Rockwell forcefully rejects Emerson takeover bid

Article by Adam Duckett

ROCKWELL AUTOMATION has rejected a third takeover offer from Emerson Electric, arguing that the deal undervalues the firm.

Last week, Emerson raised its bid by around US$1bn to US$29bn, increasing the cash portion of the offer and promised US$6bn in savings to entice shareholders to put pressure on the Rockwell board to accept the deal.

Emerson CEO David Farr said: The combination of Emerson and Rockwell would accelerate our combined growth and position us for success for many years to come.”

In an open letter to his counterpart published today, Rockwell CEO Blake Moret forcefully rejected this claim: “Bigger is not always better for driving growth and value creation. While Emerson may see this proposed acquisition as necessary to enhance its growth and earnings potential and expand its capabilities in the industrial automation and information market, Rockwell does not.”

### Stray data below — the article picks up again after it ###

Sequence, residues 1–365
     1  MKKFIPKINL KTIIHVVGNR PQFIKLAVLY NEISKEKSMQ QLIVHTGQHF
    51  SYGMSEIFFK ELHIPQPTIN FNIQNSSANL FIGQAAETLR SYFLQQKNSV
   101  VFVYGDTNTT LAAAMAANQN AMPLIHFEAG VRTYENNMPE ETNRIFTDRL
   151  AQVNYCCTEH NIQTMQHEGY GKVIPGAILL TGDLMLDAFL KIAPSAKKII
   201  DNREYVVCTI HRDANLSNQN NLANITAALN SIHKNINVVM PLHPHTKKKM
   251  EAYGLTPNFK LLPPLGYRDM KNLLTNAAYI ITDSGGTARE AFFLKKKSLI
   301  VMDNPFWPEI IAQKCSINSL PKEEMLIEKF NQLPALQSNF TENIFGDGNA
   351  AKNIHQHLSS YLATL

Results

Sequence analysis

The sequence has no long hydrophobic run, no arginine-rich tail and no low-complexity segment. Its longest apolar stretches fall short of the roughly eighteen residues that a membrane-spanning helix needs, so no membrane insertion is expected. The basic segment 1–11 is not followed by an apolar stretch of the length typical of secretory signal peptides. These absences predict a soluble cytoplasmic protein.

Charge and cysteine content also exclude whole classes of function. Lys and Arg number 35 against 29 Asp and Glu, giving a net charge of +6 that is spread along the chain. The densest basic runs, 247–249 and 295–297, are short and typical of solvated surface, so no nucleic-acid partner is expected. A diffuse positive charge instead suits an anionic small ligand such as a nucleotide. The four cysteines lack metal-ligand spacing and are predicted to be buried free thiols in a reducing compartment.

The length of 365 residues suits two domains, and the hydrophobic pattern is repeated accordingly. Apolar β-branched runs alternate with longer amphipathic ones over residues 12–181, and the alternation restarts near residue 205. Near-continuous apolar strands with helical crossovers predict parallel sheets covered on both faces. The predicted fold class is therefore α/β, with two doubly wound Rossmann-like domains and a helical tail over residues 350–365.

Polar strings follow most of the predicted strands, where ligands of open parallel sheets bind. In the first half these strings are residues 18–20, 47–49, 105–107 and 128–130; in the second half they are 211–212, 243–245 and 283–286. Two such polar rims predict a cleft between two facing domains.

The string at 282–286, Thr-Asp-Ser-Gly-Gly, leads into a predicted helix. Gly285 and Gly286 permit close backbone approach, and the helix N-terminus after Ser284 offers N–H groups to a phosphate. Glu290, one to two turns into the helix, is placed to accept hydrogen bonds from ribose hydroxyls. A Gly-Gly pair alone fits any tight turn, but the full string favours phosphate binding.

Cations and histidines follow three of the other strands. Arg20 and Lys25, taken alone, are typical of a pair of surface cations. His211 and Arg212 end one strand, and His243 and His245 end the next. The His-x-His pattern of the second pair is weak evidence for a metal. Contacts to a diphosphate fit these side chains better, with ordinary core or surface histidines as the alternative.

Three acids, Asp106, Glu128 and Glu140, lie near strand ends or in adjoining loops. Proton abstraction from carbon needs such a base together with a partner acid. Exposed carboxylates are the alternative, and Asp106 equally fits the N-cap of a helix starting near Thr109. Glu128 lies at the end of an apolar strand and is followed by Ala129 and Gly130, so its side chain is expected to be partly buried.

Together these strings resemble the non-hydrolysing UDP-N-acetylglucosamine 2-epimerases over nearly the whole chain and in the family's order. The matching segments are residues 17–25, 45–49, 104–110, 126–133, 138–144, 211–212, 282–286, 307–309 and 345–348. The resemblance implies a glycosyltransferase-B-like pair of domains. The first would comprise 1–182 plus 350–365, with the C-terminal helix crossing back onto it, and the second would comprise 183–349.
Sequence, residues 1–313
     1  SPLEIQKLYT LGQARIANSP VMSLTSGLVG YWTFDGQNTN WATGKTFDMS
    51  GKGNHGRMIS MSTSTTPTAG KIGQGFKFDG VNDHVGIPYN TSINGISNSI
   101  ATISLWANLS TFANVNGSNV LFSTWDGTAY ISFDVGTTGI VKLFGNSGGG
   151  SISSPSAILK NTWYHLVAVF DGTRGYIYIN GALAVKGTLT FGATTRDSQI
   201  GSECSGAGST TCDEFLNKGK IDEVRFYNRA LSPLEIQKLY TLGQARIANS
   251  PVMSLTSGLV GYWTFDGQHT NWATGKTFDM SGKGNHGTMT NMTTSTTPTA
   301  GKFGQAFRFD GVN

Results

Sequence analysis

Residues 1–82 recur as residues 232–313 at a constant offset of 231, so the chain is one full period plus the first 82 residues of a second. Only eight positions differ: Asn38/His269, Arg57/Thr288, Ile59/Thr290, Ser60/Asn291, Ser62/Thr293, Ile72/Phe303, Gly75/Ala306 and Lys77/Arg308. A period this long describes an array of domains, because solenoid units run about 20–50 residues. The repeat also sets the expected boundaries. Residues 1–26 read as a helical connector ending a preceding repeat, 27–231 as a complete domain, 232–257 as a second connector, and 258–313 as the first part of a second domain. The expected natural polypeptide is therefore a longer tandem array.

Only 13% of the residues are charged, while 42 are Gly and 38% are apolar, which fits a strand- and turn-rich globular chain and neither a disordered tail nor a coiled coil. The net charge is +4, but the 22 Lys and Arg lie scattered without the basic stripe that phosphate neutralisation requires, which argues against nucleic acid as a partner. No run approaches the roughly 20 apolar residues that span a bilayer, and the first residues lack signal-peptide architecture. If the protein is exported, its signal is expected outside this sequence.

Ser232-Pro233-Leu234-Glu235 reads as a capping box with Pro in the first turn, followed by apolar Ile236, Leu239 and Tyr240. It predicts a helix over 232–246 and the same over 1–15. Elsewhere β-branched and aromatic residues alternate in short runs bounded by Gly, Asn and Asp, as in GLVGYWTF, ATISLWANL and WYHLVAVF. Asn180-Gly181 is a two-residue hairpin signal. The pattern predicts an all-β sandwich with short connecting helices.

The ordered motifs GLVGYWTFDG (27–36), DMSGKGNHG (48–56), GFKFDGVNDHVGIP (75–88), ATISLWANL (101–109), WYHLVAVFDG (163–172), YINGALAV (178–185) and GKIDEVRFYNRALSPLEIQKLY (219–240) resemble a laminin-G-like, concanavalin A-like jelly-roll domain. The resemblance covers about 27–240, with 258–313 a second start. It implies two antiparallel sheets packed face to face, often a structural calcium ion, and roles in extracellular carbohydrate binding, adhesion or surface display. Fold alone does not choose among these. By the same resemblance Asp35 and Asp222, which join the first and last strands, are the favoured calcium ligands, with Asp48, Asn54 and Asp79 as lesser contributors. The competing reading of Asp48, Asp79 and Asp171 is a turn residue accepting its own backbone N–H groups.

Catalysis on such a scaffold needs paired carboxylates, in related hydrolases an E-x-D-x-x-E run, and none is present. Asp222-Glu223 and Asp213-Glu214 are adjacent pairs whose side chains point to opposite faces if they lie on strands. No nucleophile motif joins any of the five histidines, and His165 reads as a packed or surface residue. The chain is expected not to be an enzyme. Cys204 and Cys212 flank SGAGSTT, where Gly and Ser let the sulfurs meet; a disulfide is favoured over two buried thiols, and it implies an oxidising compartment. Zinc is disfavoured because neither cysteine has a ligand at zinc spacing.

Moret said that the Rockwell board believes that following its existing strategy will create greater long-term value than pursuing Emerson’s proposal.

“Your proposed combination would dampen, not enhance, the ability to grow in the evolving industrial automation and information market,” Moret said. “Unlike Emerson, Rockwell Automation is singularly focussed on making investments in one platform to deliver value to customers. Rockwell Automation provides solutions across all industries, including process, hybrid, and discrete applications, on a single platform and in one software environment. This approach enables the simplification our customers tell us they need…In short, given different technology platforms and market access models, a combination would destroy value for shareowners and customers rather than create it.”

Emerson has not responded to the rejection. Analysts have been at odds over the likelihood that a deal between the two will prove successful. It has been suggested that other large companies in the automation sector including ABB and Honeywell could now view Rockwell as a viable target.

The sector is going through a period of flux as smart technologies are being introduced that enable manufacturers to connect their plant devices and analyse new streams of data to improve production processes, maintenance scheduling and in turn increase uptime and profitability.

Article by Adam Duckett

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